Montgomery County Delegate Heather Mizeur will be the first gubernatorial candidate in 20 years to take part in Maryland’s public-financing system. Republican lawyer Richard Douglas eyes the Attorney General’s race. Plus: Baltimore’s strategic plan to improve its business climate, the “Bay Barometer,” and more.
Mizeur To Accept Public Financing: Montgomery County Delegate Heather Mizeur will be the first gubernatorial candidate in 20 years to take part in Maryland’s public-financing system. As the Washington Post reports, Mizeur’s campaign plans to limit its spending to about $2.5-million during the primary; in exchange, it’ll be eligible for more than $1-million in state matching funds. Mizeur’s plan to enter the public financing system comes as she issues a broad proposal to limit the influence of special interests on elections… the Baltimore Sun reports that it includes a comprehensive public financing program, as well as a ban on corporate contributions and donations from state contractors. Mizeur also wants to increase the time that former legislators have to wait after leaving the General Assembly before becoming lobbyists. Mizeur is facing Lieutenant Governor Anthony Brown and state Attorney General Doug Gansler in the Democratic gubernatorial primary. Both Brown and Gansler are expected to spend significantly more than $2.5-million in the primary.
Douglas Eyes AG’s Race: Next year’s race for state Attorney General may get its first Republican candidate. The Baltimore Sun reports that College Park lawyer Richard Douglas is considering mounting a bid for the post. Douglas ran for the GOP nomination in last year’s US Senate race, but lost to former secret service agent Dan Bongino, who’s running for Congress next year in the 6th District. The Washington Post notes that Maryland hasn’t elected a Republican Attorney General since 1918, and four years ago, no Republicans even entered the race. The Attorney General’s race is a crowded one, on the Democratic side… with State Senator Brian Frosh, and Delegates Aisha Braveboy, Jon Cardin, and Bill Frick, all running for their party’s nomination.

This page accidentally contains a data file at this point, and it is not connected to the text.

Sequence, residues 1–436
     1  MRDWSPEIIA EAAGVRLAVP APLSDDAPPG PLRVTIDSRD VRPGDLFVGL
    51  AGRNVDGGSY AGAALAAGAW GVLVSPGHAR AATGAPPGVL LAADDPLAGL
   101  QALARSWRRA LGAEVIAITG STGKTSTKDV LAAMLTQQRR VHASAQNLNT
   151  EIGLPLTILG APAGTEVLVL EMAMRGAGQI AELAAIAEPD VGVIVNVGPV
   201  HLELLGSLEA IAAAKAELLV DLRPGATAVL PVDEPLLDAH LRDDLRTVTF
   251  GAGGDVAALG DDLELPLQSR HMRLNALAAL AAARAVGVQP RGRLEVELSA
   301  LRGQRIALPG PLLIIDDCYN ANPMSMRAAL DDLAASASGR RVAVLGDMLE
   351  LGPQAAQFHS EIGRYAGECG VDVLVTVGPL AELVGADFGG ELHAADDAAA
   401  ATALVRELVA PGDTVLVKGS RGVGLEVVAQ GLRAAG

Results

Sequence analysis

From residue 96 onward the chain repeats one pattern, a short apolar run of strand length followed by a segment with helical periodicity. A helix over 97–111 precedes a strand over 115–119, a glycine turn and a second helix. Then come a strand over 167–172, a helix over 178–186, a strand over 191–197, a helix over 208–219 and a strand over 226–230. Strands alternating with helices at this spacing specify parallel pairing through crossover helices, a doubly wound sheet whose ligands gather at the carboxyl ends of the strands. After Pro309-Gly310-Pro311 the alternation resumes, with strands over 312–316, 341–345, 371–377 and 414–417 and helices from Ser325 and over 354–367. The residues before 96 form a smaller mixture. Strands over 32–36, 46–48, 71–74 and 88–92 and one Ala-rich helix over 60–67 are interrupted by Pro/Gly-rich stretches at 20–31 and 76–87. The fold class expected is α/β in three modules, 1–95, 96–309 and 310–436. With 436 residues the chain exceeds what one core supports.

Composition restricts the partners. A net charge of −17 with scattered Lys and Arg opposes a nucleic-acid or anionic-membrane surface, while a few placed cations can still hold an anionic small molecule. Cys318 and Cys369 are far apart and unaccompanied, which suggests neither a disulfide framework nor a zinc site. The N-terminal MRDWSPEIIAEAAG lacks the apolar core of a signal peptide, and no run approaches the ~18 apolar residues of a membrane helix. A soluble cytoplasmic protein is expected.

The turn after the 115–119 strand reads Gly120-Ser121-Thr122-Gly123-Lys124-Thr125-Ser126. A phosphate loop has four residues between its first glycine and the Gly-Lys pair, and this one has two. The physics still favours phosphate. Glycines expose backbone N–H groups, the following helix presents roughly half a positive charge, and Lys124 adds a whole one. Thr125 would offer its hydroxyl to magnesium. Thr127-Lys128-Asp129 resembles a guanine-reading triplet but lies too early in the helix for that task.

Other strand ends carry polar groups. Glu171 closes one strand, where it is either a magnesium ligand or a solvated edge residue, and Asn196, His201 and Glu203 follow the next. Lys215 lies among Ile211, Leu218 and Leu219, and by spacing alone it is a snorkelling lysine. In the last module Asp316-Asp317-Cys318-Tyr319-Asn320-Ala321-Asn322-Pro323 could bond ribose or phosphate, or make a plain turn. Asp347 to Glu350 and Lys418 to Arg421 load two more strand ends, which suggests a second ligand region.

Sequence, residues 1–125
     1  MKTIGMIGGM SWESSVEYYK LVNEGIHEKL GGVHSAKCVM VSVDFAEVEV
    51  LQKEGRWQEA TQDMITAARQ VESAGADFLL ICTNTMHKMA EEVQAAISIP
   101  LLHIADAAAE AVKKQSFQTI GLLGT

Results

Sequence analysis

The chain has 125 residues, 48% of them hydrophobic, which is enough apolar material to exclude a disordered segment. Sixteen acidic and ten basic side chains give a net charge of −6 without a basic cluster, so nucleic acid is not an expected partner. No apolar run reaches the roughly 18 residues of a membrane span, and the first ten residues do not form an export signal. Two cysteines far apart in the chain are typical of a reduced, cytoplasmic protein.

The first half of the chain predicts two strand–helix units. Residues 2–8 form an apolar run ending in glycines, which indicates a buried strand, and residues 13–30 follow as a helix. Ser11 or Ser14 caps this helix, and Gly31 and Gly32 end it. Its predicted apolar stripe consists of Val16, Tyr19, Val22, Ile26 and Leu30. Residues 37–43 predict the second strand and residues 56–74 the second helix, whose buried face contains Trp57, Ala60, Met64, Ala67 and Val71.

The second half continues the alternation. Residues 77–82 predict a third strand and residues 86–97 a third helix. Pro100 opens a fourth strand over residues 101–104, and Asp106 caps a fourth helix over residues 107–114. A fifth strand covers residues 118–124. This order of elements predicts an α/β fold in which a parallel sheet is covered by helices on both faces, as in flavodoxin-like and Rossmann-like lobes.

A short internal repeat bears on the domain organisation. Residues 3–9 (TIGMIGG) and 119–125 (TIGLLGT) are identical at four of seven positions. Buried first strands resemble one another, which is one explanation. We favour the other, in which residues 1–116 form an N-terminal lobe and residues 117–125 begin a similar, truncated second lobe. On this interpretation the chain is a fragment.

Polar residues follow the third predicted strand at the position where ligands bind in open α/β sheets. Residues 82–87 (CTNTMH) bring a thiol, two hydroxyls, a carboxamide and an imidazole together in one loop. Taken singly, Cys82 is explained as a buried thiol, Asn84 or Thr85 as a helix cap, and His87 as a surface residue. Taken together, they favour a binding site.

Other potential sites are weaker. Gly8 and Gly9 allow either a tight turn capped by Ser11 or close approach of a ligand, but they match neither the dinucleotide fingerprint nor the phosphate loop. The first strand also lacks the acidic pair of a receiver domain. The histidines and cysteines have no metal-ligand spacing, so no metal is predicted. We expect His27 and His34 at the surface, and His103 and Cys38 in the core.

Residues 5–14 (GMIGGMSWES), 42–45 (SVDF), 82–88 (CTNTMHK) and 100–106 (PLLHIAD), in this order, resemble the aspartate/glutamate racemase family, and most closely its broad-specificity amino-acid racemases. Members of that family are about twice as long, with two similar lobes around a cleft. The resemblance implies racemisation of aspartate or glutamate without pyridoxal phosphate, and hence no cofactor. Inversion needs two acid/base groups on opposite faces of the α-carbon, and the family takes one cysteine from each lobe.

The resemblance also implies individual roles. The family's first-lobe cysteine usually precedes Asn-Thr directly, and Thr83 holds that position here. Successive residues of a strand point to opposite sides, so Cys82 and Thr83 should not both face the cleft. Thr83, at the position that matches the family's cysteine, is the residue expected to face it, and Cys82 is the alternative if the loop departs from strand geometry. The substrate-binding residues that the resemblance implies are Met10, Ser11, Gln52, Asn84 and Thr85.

MD Health Benefit Exchange Still On Track To Reach Goals: Despite a rocky start, Maryland’s online health exchange is still expected to reach its enrollment goals. At least, that’s the opinion of Rebecca Pearce, the Executive Director of the Maryland Health Benefit Exchange. Yesterday, Pearce acknowledged that only about 3-thousand people have used marylandhealthconnection.gov to sign up for private health insurance plans so far. But she says the state is still projecting some that 147-thousand more will be enrolled by the March 31st deadline. If that happens, about one fifth of the currently uninsured Marylanders will have insurance. Last week, Governor Martin O'Malley said that major problems with the online insurance exchange would be fixed by the middle of this month. And the Baltimore Sun notes that enrollment has been picking up as the technical problems are being resolved.
Baltimore Taps Texas Firm To Help With Strategic Plan: Baltimore City is looking to improve its business climate – and it’s hired a Texas-based consultant to help come up with a strategic plan to do so. The Baltimore Sun reports that the consultant has created similar plans for cities including Cincinnati and New Orleans; the Baltimore Development Corporation will pay up to nearly $170-thousand to develop the strategy for Baltimore. The plan will incorporate the ideas of local businesses, community leaders, and city residents; there will be a series of public hearings to get input – the first one is set for next week. And you can also add your input through an online survey. Mayor Stephanie Rawlings-Blake says the eventual goal is to create new jobs, put new life into neighborhoods and bring in investors. There’s more here from the Baltimore Business Journal.